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Riviera Palm Springs: Slip into the ’60s

Photos courtesy Riviera Palm Springs Resort and Spa

In 2008, the economy tanked just as an upstart of a television show called “Mad Men” hit its stride. Set in the late ’50s and early ’60s, the show won over viewers who were eager to leave the rocky present for a sleek and seemingly hipper past.

That was also the year that the Riviera Palm Springs reopened in Palm Springs, Calif., after a $70 million, down-to-the-studs renovation and expansion that added eye-popping pizzazz, 100 guest rooms and more meeting space.

In hindsight, the timing of the midcentury resort’s revival seems good and bad: good because the Riviera looks like a place Don Draper and gang would go to meet, woo and win clients and then clink drinks in celebration; bad because given the country’s fragile financial state, many steered clear of the frills that the new Riviera afforded.

The hip crowd moves in
Move five years forward. “Mad Men” continues to draw a wide audience, and now, the Riviera is winning over fans as well. And, as it did when it opened in 1959, the resort is attracting a hip, cool crowd, including the companies that choose to meet there.

Just a few months ago, it was the Deckers Outdoor Corp., maker of Ugg boots, parading the 2014 line of chunky footwear around the resort.

“The companies that search us out first are tech companies like Microsoft; the cosmetic companies and retailers that cater to the younger generation like Charlotte Russe, Gap and Old Navy,” said Patrick Connors, director of sales and marketing. “The young and hip stores have looked at us.”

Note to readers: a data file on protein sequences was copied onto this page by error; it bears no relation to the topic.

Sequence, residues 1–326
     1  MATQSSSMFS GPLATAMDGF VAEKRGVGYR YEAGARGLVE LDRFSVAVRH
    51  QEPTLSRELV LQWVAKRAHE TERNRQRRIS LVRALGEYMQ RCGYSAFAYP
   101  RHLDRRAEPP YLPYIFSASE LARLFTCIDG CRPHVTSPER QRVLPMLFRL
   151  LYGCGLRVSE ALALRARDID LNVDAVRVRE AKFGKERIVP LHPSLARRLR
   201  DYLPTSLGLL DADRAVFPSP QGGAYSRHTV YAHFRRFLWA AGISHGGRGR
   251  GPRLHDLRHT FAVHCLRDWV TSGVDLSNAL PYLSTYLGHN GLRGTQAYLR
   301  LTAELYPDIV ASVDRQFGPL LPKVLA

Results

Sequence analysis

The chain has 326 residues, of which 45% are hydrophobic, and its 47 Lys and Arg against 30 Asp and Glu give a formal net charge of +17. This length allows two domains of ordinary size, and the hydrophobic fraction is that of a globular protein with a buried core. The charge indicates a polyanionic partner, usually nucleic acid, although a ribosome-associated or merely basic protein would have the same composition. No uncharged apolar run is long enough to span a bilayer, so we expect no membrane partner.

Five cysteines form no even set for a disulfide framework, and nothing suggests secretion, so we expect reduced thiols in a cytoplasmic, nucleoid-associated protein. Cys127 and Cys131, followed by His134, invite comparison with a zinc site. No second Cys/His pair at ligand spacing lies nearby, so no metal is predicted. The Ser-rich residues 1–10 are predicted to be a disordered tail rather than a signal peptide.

In a way, the Riviera has gone back to its roots. During the ’60s and ’70s, Hollywood stars frequented the resort. Frank Sinatra, Lucille Ball, Marilyn Monroe, Elizabeth Taylor, Sammy Davis Jr. and Sonny and Cher were among the celebrities who hung out there.

In recent years, that star power has returned. Paris Hilton has been a guest. So has James Franco. Jay Z and Beyonce have performed at a fundraiser there.

Yet for all its glittery good looks, the resort is more interested in being a go-to destination for meetings. Owner Noble House, after buying out its partner in the resort in 2006, added significant meeting space. It also went nonunion. (Its partner had been a California union, which had made the Riviera a favored meeting destination for union groups.)

Upgrades made at the resort earlier this year show how serious it is about meetings. The Riviera converted seven large guest rooms to executive meeting suites. Each will accommodate 30 to 50 people, depending on setup, and each has a patio.

“We were losing business from some of the pharmaceutical and medical groups that needed 15 breakouts for 20 people each,” said Connors.

Because of the new suites, the resort has already booked 12 meetings it would not have booked without them.

Other planned changes will make the Riviera’s meeting space more flexible. Soon, new air walls will be installed in the 19,670-square-foot grand ballroom, so it can be divided into four sections instead of the current three. Several gardens will be slightly reworked, with more lighting and other improvements so that they can be used for outdoor events.

And, in 2014, the resort might expand its Desert Conference area, which will give it more breakout spaces.

The ultimate goal is to move meetings from its current 40 percent of the resort’s business to 60 percent, said Connors.